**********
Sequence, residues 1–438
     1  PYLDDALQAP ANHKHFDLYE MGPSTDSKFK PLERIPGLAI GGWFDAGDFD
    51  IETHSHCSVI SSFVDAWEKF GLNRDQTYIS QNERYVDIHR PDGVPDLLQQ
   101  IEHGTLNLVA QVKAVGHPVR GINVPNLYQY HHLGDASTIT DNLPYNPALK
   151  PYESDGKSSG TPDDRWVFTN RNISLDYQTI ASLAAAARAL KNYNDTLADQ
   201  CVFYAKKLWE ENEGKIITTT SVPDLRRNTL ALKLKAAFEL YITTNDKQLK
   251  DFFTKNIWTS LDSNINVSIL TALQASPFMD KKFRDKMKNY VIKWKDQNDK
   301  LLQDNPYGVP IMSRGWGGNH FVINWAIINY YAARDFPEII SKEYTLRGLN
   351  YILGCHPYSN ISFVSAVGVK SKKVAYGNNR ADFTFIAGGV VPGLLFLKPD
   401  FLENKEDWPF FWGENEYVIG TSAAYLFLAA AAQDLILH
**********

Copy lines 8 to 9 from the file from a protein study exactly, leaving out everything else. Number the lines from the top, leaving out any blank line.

   301  LLQDNPYGVP IMSRGWGGNH FVINWAIINY YAARDFPEII SKEYTLRGLN
   351  YILGCHPYSN ISFVSAVGVK SKKVAYGNNR ADFTFIAGGV VPGLLFLKPD